On this Father’s Day, we pause to honor fathers in our community, and men who fill the role of a father, for the important work they do in raising Black children. The role of fathers cannot be overstated. Fathers are a stabilizing force in the family, an important presence for daughters and sons, and the glue that holds communities together.
The Black community suffers because of the absence of fathers, whatever the reason for their separation from their families. It is why we encourage all Black men to engage their children, be present in their lives and find a way to be a supportive force in the family even when conditions do not allow you to be physically present. We have watched in horror the devastation caused by fathers who are missing in action. It is time all fathers stepped up and made a commitment to fulfill their responsibilities.
We know it is not easy. In some instances conflicts with spouses or “significant others” complicates the relationship with children. We can only encourage fathers who are in such a situation to put the welfare of their children first and do whatever is necessary to be supportive. We also know that the current recession has put a tremendous strain on Black men, devastated by unemployment and long-term joblessness. While financial support of children and families is important, emotional support is just as necessary. What better way to teach your child real values than to find ways to be a positive influence despite your financial situation?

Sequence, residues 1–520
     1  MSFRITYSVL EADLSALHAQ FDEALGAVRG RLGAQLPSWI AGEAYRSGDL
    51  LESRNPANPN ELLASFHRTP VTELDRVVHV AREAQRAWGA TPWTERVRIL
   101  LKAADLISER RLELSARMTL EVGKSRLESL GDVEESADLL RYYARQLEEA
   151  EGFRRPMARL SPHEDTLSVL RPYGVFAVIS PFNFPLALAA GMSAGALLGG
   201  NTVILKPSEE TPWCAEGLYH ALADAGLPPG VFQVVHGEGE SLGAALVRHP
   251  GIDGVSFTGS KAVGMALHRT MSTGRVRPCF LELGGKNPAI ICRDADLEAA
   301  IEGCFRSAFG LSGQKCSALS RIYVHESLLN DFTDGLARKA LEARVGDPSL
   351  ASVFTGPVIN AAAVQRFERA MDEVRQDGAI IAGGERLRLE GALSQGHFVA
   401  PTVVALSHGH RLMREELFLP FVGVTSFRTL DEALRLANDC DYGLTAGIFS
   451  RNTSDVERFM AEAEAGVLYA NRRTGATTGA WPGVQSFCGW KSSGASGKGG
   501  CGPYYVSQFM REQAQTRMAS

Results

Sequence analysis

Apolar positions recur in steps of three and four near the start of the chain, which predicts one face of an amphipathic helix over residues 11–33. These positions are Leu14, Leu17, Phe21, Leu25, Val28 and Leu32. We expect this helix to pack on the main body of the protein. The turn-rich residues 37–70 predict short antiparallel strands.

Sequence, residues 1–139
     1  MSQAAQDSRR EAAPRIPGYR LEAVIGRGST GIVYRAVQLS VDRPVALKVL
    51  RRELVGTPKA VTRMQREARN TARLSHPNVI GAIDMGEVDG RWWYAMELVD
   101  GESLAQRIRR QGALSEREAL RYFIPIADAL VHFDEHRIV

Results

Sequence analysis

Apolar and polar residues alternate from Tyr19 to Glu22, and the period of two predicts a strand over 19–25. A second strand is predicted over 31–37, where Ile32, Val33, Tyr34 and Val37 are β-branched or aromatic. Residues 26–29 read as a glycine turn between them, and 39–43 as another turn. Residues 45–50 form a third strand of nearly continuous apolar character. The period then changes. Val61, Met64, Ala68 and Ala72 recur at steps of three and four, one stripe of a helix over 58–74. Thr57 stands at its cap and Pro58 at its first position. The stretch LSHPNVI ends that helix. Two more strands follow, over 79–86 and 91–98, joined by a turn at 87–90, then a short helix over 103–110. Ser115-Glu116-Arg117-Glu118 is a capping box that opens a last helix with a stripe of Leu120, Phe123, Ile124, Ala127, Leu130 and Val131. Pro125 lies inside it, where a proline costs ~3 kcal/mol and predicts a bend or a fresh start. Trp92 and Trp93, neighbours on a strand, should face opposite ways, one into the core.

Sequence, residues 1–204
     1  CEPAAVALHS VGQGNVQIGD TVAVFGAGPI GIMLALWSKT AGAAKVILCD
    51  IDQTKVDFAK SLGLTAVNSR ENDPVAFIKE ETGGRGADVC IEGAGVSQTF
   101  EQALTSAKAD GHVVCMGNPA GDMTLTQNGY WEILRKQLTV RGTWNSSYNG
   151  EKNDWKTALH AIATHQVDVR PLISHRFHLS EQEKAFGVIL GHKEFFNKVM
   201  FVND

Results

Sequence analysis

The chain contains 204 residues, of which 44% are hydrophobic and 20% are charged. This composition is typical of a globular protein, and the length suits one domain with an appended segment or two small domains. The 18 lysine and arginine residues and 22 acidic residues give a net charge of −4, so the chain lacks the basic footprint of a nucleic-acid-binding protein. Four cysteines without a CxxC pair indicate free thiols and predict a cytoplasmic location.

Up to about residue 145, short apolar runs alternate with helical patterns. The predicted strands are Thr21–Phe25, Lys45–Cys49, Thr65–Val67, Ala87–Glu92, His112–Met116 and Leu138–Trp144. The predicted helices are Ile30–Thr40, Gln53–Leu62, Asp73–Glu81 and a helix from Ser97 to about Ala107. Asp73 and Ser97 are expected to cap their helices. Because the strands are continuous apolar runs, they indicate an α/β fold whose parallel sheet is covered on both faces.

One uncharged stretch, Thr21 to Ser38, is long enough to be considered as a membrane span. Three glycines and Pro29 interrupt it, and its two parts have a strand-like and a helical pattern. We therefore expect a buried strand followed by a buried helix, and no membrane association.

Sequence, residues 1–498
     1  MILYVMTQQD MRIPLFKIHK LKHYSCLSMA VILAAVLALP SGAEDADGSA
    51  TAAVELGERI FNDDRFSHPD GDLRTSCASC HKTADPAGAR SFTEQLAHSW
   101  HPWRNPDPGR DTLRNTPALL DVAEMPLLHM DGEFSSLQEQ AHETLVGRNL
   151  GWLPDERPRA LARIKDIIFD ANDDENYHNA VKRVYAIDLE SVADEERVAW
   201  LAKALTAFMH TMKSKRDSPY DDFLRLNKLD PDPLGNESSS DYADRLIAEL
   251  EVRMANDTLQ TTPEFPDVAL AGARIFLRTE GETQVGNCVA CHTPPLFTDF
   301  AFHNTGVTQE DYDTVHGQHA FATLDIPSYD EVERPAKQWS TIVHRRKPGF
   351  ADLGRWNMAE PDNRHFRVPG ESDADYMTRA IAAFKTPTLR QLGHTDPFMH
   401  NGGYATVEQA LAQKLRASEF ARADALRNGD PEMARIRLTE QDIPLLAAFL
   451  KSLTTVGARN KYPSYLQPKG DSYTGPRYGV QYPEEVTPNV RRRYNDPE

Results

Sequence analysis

For Black men who are not fathers, there is a role to play. Embrace a child whose father may be deceased, incarcerated, or ill, or has a father who is failing to fulfill his responsibilities. The idea is not to displace a father but to be a support system for children in need of a positive, male role model. This goes for girls as well as boys. Too often, the importance of father-daughter relationships is overlooked. It is why we embraced television journalist Ed Gordon’s “Daddy’s Promise” campaign because girls need their fathers too. We must restore a sense of “community” among Black Americans and return to a day when men understood the need to extend themselves to children beyond their offspring.
Dads, as you enjoy your special day, take a moment and hug your children. Rededicate yourself as a father and make a commitment to stay engaged in the life of your child. It will be worth the hard work, tears and frustration.